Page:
Martin Heidegger (Routledge Critical Thinkers) by Timothy Clark

By Timothy Clark

Since the ebook of his tremendous paintings, Being and Time, Martin Heidegger has remained some of the most influential figures in modern notion, and is a key impression for contemporary literary and cultural idea.

This guidebook offers a terrific entry-point for readers new to Heidegger, outlining such concerns and ideas as:

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* the boundaries of 'theory'
* the historical past of being
* the starting place of the paintings of art
* language
* the literary work
* poetry and the political
* Heidegger's involvement with Nazism.
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Fully up-to-date all through and that includes a brand new part on enviromental proposal and ecocriticism, this guidebook in actual fact and concisely introduces Heidegger's an important paintings in relation to artwork, language and poetry, and descriptions his carrying on with impact on severe theory.

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Example text

Nietzsche surmises it is induced by a distinctively human desire, indeed a need, for meaning, for the existence of values that can motivate the human will: “Gradually, man has become a fantastic animal that has to fulfill one more condition of existence than any other animal: man has to believe, to know, from time to time why he exists; his race cannot flourish without a periodic trust in life—without faith in reason in life” (GS 1; cf. Z, I 15; WP 12, 36). Nihilistic disorientation is a consequence of the frustration of that need: human beings need for their existence to have purpose or meaning, but it proves to be a pointless succession of events.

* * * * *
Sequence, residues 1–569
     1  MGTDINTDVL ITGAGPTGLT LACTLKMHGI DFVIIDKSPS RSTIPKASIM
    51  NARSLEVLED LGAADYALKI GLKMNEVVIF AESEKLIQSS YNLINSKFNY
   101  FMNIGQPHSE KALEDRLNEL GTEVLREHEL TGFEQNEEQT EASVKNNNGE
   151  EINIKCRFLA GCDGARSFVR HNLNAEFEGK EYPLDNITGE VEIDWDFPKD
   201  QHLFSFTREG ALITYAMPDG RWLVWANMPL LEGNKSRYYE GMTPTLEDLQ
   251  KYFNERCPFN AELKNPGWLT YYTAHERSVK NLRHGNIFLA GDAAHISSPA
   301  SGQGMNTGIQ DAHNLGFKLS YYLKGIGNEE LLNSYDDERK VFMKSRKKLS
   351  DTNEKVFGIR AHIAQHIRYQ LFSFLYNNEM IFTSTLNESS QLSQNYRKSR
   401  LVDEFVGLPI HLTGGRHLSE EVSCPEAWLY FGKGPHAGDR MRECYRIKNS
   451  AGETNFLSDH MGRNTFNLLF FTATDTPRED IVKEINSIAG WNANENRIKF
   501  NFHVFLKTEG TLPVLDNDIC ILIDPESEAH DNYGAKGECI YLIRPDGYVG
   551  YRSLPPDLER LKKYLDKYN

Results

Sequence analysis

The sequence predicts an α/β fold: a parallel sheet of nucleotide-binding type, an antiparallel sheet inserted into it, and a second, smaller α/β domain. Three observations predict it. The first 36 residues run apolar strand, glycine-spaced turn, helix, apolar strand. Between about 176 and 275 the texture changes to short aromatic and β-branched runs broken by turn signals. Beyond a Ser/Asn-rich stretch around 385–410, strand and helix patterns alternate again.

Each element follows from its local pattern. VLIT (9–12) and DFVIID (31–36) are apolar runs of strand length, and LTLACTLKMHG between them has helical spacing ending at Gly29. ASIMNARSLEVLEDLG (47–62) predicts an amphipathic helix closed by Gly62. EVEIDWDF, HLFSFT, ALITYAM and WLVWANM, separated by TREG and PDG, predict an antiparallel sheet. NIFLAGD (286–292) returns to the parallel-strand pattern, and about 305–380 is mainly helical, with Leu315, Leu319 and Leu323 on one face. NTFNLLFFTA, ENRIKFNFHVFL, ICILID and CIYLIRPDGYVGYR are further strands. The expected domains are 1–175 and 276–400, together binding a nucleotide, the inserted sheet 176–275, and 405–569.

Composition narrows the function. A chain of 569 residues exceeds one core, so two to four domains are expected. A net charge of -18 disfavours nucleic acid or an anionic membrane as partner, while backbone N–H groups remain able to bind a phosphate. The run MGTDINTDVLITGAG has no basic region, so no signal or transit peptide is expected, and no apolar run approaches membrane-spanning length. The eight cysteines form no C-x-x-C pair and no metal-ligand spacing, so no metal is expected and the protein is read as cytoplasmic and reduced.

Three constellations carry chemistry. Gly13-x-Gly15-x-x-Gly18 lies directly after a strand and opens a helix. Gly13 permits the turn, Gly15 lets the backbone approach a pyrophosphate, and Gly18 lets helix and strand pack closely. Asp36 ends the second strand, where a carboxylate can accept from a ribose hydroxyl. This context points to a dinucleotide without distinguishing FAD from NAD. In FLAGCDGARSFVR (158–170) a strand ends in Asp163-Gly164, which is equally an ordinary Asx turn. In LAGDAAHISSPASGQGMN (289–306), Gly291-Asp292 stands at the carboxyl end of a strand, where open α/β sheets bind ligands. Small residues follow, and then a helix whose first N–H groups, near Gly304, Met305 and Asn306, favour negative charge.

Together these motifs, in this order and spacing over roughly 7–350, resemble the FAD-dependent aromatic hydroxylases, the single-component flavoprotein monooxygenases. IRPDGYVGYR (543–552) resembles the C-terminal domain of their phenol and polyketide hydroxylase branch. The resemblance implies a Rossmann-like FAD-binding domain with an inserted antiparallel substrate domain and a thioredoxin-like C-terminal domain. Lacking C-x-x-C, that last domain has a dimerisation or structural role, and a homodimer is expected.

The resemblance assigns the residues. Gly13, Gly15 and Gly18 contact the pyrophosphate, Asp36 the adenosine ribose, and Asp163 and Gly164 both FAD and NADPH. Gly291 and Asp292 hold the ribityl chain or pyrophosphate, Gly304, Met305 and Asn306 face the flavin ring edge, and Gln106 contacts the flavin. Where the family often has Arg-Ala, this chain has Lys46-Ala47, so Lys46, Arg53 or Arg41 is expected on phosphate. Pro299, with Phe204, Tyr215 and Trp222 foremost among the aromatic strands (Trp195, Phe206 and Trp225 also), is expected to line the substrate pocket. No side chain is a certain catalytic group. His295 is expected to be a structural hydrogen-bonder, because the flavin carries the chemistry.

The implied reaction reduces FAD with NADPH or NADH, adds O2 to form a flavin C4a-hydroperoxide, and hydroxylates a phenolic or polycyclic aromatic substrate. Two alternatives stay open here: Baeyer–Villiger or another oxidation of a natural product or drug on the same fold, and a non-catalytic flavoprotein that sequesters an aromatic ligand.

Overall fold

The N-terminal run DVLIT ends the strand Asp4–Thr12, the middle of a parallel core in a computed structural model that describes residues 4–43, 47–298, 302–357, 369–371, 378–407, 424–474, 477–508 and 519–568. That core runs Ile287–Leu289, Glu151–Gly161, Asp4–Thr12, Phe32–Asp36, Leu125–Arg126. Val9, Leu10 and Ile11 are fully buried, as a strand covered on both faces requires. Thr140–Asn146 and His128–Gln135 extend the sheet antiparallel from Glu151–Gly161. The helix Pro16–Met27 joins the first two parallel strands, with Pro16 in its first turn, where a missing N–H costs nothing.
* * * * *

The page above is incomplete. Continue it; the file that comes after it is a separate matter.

And he summarizes his considered conception of nihilism crisply: “A nihilist is a man who judges of the world as it is that it ought not to be, and of the world as it ought to be that it does not exist” (WP 585; cf. 247). Strictly speaking, nihilism is a “development” of pessimism. 19 Such a close affinity also supports an interpretation of nihilism in terms of despair. For it could not be explained easily if we interpreted nihilism as disorientation: in this case, pessimism and nihilism would rather seem antithetical since pessimism presupposes values that devaluation undermines.

Nevertheless, it figures prominently in the genesis of nihilism, insofar as it induces us to discern and acknowledge the truth of its premises. Nihilism is customarily thought to be a consequence of the death of God: nihilism appears “once the belief in God and an essentially moral order become untenable” (WP 55). ” Although it is one of the views most closely associated with his philosophy, Nietzsche says singularly little about the death of God.

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